Celestial table globe by unknown

Celestial table globe

unknown

Fine art poster

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  • Amazing giclée print quality
  • 280gsm thick fine art print paper
  • 100+ year colour guarantee
  • Dimensions:
    • x cm overall ( x in)
    • x cm image ( x in)
£14.95

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We use a 280gsm fine art paper and premium branded inks to create the perfect reproduction.

Our expertise and use of high-quality materials means that our print colours are independently verified to last between 100 and 200 years.

Read more about our fine art prints.

Manufactured in the UK

All products are printed in the UK, using the latest digital presses and a giclée printmaking process.

We only use premium branded inks, and colours are independently verified to last between 100 and 200 years.

Delivery & returns

We print everything to order so delivery times may vary but all unframed prints are despatched within 2-4 days via courier or recorded mail.

Delivery to the UK is £5 for an unframed print of any size.

We will happily replace your order if everything isn’t 100% perfect.

Celestial table globe by unknown zoom

Celestial table globe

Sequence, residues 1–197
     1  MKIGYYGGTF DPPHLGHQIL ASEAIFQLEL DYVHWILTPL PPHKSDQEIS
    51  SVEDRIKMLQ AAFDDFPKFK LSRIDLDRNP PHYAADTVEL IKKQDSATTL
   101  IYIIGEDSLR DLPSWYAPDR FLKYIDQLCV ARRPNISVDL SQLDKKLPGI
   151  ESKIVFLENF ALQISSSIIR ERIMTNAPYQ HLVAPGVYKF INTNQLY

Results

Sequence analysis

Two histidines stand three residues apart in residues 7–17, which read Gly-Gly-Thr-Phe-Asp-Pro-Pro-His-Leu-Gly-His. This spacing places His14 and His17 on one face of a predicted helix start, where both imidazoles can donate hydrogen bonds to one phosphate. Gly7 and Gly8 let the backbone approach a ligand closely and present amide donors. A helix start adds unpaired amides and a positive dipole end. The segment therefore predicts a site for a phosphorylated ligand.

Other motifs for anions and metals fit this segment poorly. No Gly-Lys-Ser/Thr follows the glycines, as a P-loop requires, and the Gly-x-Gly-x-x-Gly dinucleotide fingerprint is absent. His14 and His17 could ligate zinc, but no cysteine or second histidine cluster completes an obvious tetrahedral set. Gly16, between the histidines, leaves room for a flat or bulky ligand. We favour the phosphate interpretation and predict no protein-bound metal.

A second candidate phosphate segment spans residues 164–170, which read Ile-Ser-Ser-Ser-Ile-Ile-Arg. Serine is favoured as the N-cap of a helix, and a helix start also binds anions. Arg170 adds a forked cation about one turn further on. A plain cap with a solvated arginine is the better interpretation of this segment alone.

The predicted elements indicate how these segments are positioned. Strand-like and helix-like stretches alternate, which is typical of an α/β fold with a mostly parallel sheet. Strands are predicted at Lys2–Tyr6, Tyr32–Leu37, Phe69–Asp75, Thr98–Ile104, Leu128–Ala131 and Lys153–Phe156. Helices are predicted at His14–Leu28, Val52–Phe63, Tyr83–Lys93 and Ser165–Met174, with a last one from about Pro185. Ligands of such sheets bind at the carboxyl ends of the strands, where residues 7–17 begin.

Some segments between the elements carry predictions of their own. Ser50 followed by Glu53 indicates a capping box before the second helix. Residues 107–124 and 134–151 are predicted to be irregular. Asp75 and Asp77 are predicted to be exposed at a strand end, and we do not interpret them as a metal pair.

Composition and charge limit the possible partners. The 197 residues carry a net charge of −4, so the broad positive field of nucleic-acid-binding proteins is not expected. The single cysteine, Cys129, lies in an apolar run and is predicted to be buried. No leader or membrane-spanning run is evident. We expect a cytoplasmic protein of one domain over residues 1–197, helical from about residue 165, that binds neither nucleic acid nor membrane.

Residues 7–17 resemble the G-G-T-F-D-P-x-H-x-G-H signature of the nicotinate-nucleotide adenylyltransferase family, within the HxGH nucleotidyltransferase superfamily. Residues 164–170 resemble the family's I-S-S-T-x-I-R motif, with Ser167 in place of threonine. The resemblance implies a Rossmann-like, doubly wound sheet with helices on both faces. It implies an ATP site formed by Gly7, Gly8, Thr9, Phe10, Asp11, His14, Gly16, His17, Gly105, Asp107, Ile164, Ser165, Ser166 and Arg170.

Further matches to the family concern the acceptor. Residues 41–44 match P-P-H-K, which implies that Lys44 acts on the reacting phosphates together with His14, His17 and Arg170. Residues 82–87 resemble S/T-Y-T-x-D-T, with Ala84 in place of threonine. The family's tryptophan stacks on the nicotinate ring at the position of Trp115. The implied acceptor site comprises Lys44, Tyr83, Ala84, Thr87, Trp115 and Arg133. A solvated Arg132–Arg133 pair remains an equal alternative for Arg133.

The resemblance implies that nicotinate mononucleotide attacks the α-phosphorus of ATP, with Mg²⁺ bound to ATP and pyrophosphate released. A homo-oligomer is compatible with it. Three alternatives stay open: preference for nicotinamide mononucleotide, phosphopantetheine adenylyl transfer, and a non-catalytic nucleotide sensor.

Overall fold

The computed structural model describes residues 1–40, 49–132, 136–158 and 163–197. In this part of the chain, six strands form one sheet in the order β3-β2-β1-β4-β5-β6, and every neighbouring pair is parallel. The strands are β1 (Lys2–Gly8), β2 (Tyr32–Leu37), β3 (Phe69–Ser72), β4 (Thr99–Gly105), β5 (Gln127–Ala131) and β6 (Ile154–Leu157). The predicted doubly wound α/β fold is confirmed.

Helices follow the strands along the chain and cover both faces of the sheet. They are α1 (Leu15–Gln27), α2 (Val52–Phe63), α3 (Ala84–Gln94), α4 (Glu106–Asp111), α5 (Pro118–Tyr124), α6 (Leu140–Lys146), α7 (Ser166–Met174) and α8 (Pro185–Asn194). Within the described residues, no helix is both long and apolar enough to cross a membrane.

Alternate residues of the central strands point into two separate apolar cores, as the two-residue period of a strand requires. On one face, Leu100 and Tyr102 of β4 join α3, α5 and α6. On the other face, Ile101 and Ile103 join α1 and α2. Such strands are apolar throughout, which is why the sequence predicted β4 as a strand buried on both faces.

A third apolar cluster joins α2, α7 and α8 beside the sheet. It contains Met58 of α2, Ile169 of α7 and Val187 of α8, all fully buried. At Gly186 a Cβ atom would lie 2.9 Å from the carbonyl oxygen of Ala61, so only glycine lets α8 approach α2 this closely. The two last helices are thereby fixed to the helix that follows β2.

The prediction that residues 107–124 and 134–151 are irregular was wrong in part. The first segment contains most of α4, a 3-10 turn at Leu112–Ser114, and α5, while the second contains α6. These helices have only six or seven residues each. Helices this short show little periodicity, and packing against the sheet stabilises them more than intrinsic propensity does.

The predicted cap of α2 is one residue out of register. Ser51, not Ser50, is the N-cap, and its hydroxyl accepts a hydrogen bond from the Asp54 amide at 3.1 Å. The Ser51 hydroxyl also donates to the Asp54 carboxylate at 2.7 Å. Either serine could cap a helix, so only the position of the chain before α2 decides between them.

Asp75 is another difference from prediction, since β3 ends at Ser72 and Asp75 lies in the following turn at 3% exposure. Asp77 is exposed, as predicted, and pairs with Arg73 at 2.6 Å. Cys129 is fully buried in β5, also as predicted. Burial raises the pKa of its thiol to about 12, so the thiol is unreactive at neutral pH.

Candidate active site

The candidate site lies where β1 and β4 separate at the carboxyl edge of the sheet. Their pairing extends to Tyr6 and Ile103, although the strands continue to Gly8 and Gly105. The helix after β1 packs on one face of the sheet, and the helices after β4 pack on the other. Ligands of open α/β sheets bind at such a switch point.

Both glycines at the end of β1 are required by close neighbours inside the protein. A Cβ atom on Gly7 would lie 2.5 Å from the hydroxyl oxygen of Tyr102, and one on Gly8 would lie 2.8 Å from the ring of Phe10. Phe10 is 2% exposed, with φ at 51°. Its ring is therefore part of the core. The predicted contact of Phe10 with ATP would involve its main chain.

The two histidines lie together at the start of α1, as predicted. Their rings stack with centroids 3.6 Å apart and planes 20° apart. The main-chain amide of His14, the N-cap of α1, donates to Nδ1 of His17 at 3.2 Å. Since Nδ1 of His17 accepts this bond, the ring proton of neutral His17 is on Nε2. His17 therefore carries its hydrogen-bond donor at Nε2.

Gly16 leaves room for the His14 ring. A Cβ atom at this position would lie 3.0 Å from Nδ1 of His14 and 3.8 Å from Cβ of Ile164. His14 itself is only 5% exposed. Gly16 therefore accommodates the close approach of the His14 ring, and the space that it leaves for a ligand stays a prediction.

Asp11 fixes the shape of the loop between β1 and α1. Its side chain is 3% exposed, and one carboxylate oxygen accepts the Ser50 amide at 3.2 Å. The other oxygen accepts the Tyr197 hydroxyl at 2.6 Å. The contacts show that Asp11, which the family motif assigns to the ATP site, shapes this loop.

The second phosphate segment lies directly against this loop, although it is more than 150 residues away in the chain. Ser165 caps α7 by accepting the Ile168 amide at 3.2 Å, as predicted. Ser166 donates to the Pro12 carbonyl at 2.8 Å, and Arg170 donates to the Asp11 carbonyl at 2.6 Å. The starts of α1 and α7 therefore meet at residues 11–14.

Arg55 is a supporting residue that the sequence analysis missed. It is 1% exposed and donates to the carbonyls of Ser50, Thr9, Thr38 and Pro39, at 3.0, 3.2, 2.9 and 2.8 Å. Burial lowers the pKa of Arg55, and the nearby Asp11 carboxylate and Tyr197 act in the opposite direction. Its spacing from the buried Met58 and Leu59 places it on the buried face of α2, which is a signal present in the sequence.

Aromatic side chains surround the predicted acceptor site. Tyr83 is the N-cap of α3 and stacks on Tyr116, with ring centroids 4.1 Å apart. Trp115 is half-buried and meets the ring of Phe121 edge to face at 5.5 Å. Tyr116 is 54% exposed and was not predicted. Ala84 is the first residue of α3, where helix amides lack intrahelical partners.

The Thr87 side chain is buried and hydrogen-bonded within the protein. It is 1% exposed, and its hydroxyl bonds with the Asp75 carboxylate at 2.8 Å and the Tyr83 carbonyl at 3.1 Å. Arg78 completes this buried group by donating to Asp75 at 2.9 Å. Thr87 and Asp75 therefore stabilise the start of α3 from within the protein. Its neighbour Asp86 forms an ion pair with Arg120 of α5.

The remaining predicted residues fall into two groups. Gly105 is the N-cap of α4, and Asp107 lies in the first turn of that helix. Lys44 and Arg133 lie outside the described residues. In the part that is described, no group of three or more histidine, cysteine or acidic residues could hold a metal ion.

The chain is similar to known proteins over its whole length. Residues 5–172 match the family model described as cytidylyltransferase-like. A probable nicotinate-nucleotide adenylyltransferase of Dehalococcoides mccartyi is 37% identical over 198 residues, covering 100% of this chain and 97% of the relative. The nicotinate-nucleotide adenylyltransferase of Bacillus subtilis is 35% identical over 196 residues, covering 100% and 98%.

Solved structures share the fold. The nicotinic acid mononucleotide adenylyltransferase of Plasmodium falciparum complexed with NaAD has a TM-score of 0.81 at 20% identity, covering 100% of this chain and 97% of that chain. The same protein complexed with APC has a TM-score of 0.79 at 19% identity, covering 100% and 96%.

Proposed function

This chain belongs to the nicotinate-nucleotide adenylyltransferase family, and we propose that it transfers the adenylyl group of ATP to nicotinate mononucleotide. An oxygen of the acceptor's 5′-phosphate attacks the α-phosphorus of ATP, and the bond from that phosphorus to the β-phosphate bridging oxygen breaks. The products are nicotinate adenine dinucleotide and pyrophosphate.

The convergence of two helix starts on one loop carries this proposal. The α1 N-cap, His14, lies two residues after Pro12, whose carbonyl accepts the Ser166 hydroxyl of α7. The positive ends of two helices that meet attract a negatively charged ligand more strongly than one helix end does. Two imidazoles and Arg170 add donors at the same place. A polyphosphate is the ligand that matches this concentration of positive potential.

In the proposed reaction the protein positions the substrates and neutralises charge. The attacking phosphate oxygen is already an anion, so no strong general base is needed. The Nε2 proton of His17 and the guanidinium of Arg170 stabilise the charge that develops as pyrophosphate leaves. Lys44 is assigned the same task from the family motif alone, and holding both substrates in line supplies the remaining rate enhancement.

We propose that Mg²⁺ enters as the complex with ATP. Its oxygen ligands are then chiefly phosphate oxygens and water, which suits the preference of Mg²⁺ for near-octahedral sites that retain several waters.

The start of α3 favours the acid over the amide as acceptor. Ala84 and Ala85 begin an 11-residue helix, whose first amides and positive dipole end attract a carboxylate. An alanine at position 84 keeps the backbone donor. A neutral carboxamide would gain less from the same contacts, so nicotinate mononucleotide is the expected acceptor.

Celestial table globe. It forms a pair with the anonymous terrestrial globe, GLB0038. Astronomical details on the sphere show stars and constellation figures which are very schematically drawn. The stars are indicted by one simple symbol, and 47 Ptolemaic constellations and two of the non-Ptolemaic constellations are dawn. Eight of the southern constellations of Plancius are drawn but not all of them are labelled.

The mappings for this pair of globes are copied from the second edition of John Speed's world map of 1626, as the title and the date on the globe are identical to those on the map. The date does not refer to the date of production. The maker did not record all the features of Speed's map and there are longitudinal mistakes. The present globes must date to the early 18th century due to the new methods of measuring the longitude. This globe is similar to GLB0038, but the two pins are located at the south ecliptic pole, and the supporting figure can be identified with Hercules due to the lion skin over his shoulder.

  • Image reference: F2501-1

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